Every merchant wants his contact center to be better than average. So how do you get yours to break away from the middle of the pack? Two areas of measurement are pivotal, says Jay Minucci, vice president of consulting services for International Customer Management Institute (ICMI): quality and balance.
In his session, “Breaking Through To Great In The Contact Center,” at the NCOF show in April, Minucci repeatedly used horse racing analogies, showing pictures of horses bunched together midway through a race, only to see two or three of them break away from the pack down the homestretch.
By using survey results, Minucci posed the question to attendees: “When we think we are advancing, are we just keeping pace?” He said the good news, statistically, is that two-thirds of all call centers are in the top one-third based on overall performance.
In surveys his company conducted, Minucci identified three areas of potential differentiation: leadership, funding, and metrics. While he said the first two aren’t “short-term fixes,” metrics can be controlled.
“It’s the one we do control to determine how well we’re performing,” he said. “It’s the one that can give you the quickest hit, the biggest impact.”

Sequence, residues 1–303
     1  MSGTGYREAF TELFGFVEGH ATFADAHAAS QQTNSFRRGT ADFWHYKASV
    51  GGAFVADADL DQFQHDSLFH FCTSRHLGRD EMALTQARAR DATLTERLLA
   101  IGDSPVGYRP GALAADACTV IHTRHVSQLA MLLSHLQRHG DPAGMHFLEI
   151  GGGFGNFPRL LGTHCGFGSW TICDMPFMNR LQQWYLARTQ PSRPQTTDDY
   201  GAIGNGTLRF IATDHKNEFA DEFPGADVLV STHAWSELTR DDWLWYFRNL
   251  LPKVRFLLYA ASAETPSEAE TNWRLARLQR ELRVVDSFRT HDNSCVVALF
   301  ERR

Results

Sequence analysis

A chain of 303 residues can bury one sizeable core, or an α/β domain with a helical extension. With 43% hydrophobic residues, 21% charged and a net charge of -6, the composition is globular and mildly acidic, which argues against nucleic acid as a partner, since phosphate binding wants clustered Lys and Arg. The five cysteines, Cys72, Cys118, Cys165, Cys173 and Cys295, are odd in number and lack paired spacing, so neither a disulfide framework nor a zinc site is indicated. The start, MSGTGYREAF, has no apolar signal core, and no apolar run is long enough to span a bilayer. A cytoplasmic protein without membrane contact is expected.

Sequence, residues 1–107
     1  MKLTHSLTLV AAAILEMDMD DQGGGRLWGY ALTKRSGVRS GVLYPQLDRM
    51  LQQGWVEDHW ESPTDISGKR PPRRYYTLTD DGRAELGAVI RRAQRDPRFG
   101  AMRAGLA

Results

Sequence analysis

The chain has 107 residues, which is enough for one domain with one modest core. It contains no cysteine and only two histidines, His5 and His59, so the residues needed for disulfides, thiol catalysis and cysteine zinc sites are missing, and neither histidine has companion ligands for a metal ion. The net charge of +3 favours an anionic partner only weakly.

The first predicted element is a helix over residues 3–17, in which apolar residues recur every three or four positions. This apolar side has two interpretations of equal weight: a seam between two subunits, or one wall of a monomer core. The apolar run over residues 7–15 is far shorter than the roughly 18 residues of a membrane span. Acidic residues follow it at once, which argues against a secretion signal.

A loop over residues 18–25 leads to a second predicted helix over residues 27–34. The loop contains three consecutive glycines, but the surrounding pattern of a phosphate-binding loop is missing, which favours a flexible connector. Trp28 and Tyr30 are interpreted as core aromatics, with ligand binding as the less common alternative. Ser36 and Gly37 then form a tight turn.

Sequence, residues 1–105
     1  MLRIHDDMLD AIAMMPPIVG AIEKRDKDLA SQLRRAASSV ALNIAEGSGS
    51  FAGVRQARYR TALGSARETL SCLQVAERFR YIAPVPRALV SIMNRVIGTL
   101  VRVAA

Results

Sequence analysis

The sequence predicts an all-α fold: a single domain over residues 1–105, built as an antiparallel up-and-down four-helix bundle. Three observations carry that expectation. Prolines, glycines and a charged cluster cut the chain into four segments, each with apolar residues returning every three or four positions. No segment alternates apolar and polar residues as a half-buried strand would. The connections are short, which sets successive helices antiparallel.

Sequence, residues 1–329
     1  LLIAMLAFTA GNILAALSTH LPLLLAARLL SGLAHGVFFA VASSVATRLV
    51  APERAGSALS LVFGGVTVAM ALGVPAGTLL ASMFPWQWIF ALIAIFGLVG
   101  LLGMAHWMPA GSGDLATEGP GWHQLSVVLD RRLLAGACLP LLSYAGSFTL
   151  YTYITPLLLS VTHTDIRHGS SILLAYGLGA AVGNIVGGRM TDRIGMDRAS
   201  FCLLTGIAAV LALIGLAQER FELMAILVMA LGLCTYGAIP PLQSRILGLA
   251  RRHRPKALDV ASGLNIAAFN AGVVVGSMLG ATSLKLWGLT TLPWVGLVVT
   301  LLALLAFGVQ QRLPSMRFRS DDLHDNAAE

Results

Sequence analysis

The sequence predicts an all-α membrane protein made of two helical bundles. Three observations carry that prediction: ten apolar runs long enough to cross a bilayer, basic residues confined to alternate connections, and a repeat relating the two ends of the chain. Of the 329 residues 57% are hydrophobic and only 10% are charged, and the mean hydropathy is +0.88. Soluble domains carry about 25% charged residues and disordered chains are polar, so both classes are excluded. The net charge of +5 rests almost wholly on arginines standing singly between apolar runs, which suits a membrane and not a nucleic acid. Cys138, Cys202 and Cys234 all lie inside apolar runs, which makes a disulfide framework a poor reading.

But a major obstacle to breaking away from the pack, Minucci said, is the availability of funds, which many companies often cite when they “throw up a white flag.”
What metrics are measured? Those areas are customer satisfaction, quality, outcome, speed of the call, cost, and productivity. The first three areas fall under the heading of “quality,” he said, while the last three deal with “quantity.”
Achieving a balance between the two umbrella categories — quality and quantity — is a key to pulling ahead in the race, he said. Three years ago, the surveys showed more of an emphasis on quantity, and now there is “much more of a balance, with a slight edge to quality,” he said.
When companies encounter funding issues, they must define and resolve those obstacles, Minucci said. Leaders can set the course, he added, and success is not a coincidence.
But focusing on metrics is crucial. “Metrics matter,” he said. “Call centers are numbers. That is how we speak.”